Civilian Law Enforcement Alternatives
A civilian career in law enforcement is a great alternative to serving as a sworn officer. For any number of reasons, serving as a sworn peace officer is not for everyone. Civilian or non-sworn positions abound in most agencies. These jobs offer a fantastic opportunity to give back to your community and still work in the law enforcement field.
Typical civilian / non-sworn positions are summarized below. These positions vary in the amount of training or education required.
Civilian Investigators – Some agencies employ civilian investigators to investigate a wide range of incidents including traffic collisions, financial crimes, property crimes, and crimes against persons.
Correctional Staff / Jailers – Jurisdictions that operate their own detention facilities often rely on a civilian staff. These employees provide security services for the facility and handle in-take, processing, monitoring, feeding, and transportation of inmates. See also the American Correctional Association and the American Jail Association.
Crime Analysts – Crime analysts help law enforcement agencies translate their vast amounts of data into actionable information about crime patterns and trends, thereby helping to improve the efficiency and effectiveness of officer activity. See also the International Association of Crime Analysts.
Crime Prevention / Community Outreach – In many jurisdictions, civilian personnel work closely with uniformed officers in crime prevention and other community outreach efforts. See also the National Crime Prevention Council.
Dispatchers / Call Takers - Dispatchers and 911 call takers work around the clock answering calls for service and dispatching personnel to scenes using high-tech communications equipment. See also Association of Public Safety Communications Officials International.
Equipment / Fleet Management – Law enforcement agencies use a variety of specialized equipment from handheld radios to GPS to customized vehicles. Many agencies employ trained staff to maintain this equipment.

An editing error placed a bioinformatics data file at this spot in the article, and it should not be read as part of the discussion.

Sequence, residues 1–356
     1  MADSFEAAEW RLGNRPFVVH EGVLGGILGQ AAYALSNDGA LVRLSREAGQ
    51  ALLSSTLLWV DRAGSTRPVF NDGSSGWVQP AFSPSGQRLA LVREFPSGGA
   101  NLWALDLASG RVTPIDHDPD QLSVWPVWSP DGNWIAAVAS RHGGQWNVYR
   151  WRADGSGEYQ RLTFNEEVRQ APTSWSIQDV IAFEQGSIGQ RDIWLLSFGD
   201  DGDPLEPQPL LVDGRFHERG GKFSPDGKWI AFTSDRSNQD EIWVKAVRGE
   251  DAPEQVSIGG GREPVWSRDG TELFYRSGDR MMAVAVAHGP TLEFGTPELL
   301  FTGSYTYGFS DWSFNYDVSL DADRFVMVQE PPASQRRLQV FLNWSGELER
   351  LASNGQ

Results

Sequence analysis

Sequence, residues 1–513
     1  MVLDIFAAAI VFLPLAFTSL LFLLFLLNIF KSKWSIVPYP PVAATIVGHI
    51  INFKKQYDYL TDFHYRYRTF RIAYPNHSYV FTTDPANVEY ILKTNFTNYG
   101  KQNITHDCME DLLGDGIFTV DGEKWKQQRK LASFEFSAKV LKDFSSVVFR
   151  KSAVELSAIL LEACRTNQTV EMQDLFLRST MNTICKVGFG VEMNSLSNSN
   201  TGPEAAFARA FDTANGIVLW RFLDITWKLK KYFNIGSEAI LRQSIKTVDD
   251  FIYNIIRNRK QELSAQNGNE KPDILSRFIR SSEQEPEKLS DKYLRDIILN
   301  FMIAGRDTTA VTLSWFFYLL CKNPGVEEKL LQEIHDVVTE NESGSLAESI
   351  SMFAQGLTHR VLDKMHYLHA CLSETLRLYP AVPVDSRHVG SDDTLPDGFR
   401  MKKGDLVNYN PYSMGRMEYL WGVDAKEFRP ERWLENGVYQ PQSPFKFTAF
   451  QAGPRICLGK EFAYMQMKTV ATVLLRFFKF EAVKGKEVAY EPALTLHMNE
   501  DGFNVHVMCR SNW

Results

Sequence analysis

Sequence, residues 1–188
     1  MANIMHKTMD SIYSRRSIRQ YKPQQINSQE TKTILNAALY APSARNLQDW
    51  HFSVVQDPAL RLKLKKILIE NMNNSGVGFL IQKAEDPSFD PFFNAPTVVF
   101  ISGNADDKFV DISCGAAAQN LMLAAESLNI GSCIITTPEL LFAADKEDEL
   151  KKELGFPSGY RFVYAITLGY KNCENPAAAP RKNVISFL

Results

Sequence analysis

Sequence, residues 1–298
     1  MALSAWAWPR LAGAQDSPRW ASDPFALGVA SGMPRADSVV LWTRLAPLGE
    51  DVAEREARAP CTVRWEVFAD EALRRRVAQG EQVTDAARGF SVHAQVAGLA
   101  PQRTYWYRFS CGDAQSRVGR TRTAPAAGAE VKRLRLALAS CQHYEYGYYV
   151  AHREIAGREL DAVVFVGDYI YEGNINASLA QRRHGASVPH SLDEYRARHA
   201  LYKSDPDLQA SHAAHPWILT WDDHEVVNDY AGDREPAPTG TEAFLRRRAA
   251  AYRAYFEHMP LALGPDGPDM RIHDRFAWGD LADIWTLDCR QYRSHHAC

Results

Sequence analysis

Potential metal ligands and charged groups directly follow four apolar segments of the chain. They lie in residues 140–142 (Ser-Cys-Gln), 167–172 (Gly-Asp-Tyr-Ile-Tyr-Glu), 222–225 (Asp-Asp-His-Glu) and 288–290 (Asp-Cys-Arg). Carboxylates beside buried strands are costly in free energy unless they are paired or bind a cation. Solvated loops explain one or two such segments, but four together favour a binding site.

Forensic Technicians – Some agencies hire civilian forensic technicians who are on call 24 hours a day to respond to crime scenes, take photographs, collect, and analyze evidence. See also the American Academy of Forensic Sciences.
Information Technology Specialists – Technological advances in crime fighting equipment such as in-car mobile data terminals (MDTs), computerized mapping, digital video, and wireless communication have generated a great demand for qualified IT professionals in police agencies. See also the IACP Technology Clearinghouse.
Intelligence Analysts – With increased emphasis in intelligence-led policing, many agencies employ analysts specially trained to collate and interpret intelligence gathered by officers in the field. For military veterans, this can be a great way to translate prior intelligence experience in a civilian job. See also the International Association of Law Enforcement Intelligence Analysts.
Parking Enforcement – Non-sworn personnel in this capacity may enforce various local and state parking laws, mark and remove abandoned or illegally parked vehicles, and assist with traffic control as needed during special events or critical incidents.
Planners / Researchers – These professionals may perform a wide range of duties including grant management, strategic planning, and coordinating agency policy and accreditation issues. See also the International Association of Law Enforcement Planners
Property / Evidence Management – From officer uniforms and equipment to crime scene evidence and seized goods, agencies employ civilian personnel to manage and organize these inventories.
Public Information Officers – Some jurisdictions employ civilian public information officers to field requests from the public and the media and manage the messages of the department.
Records Management – Every action an officer makes, from a field interview to a crime report or arrest, generates some record of data. Even with the increase in paperless technologies, most agencies still need assistance with data entry and records management.
Victim Service Providers / Advocates – These individuals offer support and assistance for crime victims, family members, and witnesses. They typically provide supportive counseling, referrals to community and social services, and act as a liaison with the criminal justice system. See also National Center for Victims of Crime
Volunteers – Serving as a volunteer can be a fantastic way to get involved with law enforcement agencies in your local area. Volunteers play critical roles in agencies all across the country. More information about volunteering.